Skip to Content
Blog
Protecting Your Doors from Winter Weather

Protecting Your Doors from Winter Weather

Whether it be rain, snow, wind or just cold temperatures, winter months come with weather changes that influence every part of daily life in South Portland. And while we might be quick to change our wardrobe or home comfort setting to deal with the challenges brought by Mother Nature, one of the sturdiest defenses against the elements often goes ignored: our doors.

Your front door is more than just a welcoming entrance to your home or reflection of style for your visitors. It’s also a steadfast barrier defending you from colder weather that lurks outside. Just like any other aspect of our homes, it’s necessary to make sure your door is not only operating well, but also keeping your home safe from the cold during the winter months.

A door that doesn’t block out the cold can lead to more expensive energy bills and a generally uncomfortable home. Left ignored, some problems might result in the need for a new replacement door. Don’t let things go to that extreme! Winter is a great time to review the symptoms of a door that might be failing, as well as the steps you can take to make sure your door is in top working condition. 

What To Look For:

  • Sticking

    When the temperature gets chillier, wooden doors, or those made with wood fibers, begin to contract. When temperatures get warmer, they expand.

    Over a number of seasons, this expansion and contraction can start to show, causing doors to change their size and shape. Since most doors are cut to specific door frame sizes, any amount of warping can result in a door catching on the frame. This can be observed in a door that seems more difficult to open and close. Usually this can first be seen at the bottom of the door—thanks to gravity.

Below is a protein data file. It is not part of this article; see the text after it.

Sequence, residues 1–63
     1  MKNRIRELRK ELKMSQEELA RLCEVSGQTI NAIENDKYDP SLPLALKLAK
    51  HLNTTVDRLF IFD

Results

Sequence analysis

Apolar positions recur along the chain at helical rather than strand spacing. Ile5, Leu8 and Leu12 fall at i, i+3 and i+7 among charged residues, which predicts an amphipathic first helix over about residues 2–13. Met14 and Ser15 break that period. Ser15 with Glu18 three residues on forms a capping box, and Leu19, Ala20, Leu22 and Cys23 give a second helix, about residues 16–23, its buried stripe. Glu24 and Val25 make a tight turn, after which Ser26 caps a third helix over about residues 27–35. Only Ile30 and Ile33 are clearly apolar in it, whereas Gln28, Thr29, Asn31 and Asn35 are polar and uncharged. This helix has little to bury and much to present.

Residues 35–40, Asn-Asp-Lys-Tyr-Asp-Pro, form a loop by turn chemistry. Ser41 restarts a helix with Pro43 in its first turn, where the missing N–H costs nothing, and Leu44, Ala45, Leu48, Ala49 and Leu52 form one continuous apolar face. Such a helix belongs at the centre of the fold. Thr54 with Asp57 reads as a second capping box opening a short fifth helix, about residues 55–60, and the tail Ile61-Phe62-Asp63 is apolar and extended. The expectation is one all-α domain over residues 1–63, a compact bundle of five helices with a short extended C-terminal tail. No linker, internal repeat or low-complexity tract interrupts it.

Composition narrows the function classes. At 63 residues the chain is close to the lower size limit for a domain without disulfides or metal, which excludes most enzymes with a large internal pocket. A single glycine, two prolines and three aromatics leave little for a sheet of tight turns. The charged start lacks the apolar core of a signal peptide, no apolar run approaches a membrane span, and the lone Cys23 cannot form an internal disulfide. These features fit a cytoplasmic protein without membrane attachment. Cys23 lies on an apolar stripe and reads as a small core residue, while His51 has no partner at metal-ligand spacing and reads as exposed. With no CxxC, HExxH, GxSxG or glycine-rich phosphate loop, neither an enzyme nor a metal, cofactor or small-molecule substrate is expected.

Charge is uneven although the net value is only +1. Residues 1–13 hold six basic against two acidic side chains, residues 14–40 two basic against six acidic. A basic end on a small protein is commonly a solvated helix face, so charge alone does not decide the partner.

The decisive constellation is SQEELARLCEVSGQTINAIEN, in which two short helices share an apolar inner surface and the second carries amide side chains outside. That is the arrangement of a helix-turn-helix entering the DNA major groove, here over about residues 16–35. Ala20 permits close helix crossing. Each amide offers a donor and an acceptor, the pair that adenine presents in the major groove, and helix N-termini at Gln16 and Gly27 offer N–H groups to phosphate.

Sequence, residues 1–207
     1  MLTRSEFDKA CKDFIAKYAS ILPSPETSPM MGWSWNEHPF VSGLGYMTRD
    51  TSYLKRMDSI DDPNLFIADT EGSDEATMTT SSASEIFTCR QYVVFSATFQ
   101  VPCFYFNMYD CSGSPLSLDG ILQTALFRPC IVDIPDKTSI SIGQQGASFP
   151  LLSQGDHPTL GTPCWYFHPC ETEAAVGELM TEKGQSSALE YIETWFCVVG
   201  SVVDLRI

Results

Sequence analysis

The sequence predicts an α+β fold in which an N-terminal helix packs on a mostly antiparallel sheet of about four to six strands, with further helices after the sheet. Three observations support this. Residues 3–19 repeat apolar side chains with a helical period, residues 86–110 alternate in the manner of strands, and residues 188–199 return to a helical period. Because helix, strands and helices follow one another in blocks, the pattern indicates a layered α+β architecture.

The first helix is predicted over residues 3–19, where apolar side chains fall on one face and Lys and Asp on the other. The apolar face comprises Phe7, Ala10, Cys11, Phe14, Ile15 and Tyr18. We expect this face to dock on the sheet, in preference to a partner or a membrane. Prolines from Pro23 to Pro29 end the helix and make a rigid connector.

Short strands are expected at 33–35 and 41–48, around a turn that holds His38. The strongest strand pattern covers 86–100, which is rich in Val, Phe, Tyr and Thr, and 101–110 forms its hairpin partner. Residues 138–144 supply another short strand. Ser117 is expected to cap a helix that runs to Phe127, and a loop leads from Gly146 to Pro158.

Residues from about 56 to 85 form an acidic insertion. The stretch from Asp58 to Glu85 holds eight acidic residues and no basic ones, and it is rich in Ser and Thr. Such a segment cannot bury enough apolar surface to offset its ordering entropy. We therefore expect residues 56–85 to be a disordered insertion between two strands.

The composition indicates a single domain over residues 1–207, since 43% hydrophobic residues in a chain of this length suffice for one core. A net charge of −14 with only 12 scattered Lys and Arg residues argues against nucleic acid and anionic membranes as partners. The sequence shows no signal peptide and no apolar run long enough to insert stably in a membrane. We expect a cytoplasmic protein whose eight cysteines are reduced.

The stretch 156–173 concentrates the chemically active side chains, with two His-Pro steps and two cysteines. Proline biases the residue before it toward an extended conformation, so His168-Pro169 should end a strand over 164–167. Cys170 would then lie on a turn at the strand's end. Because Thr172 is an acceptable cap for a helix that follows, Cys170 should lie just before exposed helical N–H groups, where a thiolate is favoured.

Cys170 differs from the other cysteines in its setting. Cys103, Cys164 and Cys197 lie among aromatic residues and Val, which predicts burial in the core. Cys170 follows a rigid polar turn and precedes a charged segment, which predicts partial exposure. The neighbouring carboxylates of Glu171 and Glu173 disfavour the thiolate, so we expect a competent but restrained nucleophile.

Left unrepaired, this warping can cause gaps between the door and the frame that let in outside air. While these gaps often go unnoticed, the effect on your home temperature can be noticeable, even with a small gap. Without repair, warping can bring about larger gaps, increased sticking and eventual problems with loosened hinges that could create severe door damage. 

  • Cracking

    Just as the cycle of varying temperatures can damage doors, changes in humidity can also create problems with doors over time. These humidity changes generally come from inside the home. Colder weather presents a specific challenge as home heating systems can cause a drop in indoor air humidity.

    Over the years, this humidity drop can lead to cracking in doors. Dry air will absorb moisture from any nearby source – including the moisture stored in your wood door – and this can mean troublesome warping and cracking.

    Cracking won’t have the long-term structural effects that can come with warping, but it can play a tremendous role in your door’s look. It will be especially obvious in the inner paneling and door frame. As paint loses moisture due to low humidity, it also loses its flexibility. If the wood below the surface also begins expanding and contracting, the paint will move as well. Notably at joining sections of the door panel and frame, this could result in not only paint cracking but, if left unchecked, paint chipping away.

Keeping doors healthy in winter

Seasonal weather can have a meaningful impact on your exterior doors. But knowing what causes the problems makes it easy to identify ways to make sure your doors don’t suffer the full force of the elements.